Harry G. Broadman


Former Chief of Staff, President’s Council of Economic Advisors; Former U.S. Assistant Trade Representative; and Former Managing Director, Albright Capital Management

Dr. Harry G. Broadman, Ph.D., is a veteran global investment, trade, and science & technology negotiator; international private equity investment executive; independent board director; and advisor to U.S. and foreign corporations, banks, private equity and pension funds, sovereign wealth funds, and governments. He is an authority on structuring cross-border commercial and sovereign finance and investment transactions; sustainability and corporate governance strategy; global supply chain management; competition policy; innovation, and national security regulation.

In addition to all major advanced economies, Harry has worked on the ground in 85+ emerging markets in businesses across China, India and much of the rest of the Asian continent; most Latin American countries; all of Central and Eastern Europe, as well as the Balkans and Turkey; the Middle East; throughout Russia and the former Soviet Union; and more than half of the countries on the African continent.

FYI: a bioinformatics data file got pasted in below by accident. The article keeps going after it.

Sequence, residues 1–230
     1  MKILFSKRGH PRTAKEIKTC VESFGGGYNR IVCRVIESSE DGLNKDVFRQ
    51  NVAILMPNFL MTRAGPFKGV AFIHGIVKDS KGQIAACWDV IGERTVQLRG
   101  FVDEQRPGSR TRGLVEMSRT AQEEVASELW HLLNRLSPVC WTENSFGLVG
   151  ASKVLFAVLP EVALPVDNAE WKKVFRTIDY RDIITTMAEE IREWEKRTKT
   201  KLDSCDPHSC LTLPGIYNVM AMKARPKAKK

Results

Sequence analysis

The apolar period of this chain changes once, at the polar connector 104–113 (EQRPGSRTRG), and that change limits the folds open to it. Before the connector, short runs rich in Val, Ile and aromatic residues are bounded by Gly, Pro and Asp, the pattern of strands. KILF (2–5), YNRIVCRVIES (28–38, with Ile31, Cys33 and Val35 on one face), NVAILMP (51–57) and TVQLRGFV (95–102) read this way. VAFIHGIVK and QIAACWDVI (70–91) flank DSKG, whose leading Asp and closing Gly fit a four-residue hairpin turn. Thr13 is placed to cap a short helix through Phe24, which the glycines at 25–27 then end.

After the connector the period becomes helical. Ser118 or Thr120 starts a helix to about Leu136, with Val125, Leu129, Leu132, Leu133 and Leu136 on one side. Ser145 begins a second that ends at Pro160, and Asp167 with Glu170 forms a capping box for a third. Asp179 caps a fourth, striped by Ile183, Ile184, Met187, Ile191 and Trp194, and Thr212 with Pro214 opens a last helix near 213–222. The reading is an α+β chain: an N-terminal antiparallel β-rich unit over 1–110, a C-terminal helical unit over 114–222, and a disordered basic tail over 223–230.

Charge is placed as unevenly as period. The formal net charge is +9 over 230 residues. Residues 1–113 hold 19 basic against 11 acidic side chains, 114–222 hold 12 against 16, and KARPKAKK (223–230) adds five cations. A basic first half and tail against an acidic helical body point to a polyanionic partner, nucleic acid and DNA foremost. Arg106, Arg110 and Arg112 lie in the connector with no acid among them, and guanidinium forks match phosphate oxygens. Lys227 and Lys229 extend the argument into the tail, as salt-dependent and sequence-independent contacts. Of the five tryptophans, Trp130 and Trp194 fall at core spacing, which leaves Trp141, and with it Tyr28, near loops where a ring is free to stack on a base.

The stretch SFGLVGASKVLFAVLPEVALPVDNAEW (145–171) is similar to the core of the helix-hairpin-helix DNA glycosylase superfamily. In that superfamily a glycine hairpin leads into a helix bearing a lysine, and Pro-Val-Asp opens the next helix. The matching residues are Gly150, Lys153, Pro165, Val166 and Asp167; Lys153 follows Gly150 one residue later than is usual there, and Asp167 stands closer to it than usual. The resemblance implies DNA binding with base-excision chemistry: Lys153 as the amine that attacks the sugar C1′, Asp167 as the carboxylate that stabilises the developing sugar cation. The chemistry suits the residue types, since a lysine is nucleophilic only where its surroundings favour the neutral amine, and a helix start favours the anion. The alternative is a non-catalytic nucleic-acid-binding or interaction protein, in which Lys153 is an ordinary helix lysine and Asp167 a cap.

Beyond his role at WestExec, Harry is a senior economist at the RAND Corporation. He also serves on the governing council of The ESG Exchange; chairs the board of directors of Strategic Ratings Corporation and chairs the audit committee of PartnersGlobal’s board of directors. He is a member of the advisory boards of ArmorText, the Global Business School Network, and the Lake Tanganyika Floating Clinic, and serves on APCO’s International Advisory Council. He is a Board Leadership Fellow of the National Association of Corporate Directors (NACD) and an NACD Master Workshop Faculty Member. He is a monthly Business Leadership Strategy Columnist for Forbes and the quarterly National Security Columnist for the International Financial Law Review, on whose Editorial Board he serves.

Harry brings to WestExec extensive operational experience in both the private and public sectors as well as in academia. He was Senior Managing Director at PwC, where he founded and led the Global Business Growth Strategy Management Consulting Practice as well as serving as the firm’s Chief Economist.